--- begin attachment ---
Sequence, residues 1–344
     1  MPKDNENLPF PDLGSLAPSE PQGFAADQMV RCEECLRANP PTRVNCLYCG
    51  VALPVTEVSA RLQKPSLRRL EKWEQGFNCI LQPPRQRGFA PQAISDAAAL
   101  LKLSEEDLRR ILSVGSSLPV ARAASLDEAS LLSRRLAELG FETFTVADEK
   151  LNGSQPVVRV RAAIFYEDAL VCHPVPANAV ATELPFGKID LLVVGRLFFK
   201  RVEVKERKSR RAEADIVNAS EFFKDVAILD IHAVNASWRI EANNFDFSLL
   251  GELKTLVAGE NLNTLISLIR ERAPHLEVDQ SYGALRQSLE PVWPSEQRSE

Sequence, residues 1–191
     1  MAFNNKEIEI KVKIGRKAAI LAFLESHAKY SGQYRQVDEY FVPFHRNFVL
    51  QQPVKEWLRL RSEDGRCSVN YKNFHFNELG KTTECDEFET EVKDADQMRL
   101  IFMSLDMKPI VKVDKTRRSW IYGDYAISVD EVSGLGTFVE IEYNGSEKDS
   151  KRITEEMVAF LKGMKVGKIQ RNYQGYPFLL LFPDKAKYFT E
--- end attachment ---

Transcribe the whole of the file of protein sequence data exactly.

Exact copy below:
Sequence, residues 1–344
     1  MPKDNENLPF PDLGSLAPSE PQGFAADQMV RCEECLRANP PTRVNCLYCG
    51  VALPVTEVSA RLQKPSLRRL EKWEQGFNCI LQPPRQRGFA PQAISDAAAL
   101  LKLSEEDLRR ILSVGSSLPV ARAASLDEAS LLSRRLAELG FETFTVADEK
   151  LNGSQPVVRV RAAIFYEDAL VCHPVPANAV ATELPFGKID LLVVGRLFFK
   201  RVEVKERKSR RAEADIVNAS EFFKDVAILD IHAVNASWRI EANNFDFSLL
   251  GELKTLVAGE NLNTLISLIR ERAPHLEVDQ SYGALRQSLE PVWPSEQRSE

Sequence, residues 1–191
     1  MAFNNKEIEI KVKIGRKAAI LAFLESHAKY SGQYRQVDEY FVPFHRNFVL
    51  QQPVKEWLRL RSEDGRCSVN YKNFHFNELG KTTECDEFET EVKDADQMRL
   101  IFMSLDMKPI VKVDKTRRSW IYGDYAISVD EVSGLGTFVE IEYNGSEKDS
   151  KRITEEMVAF LKGMKVGKIQ RNYQGYPFLL LFPDKAKYFT E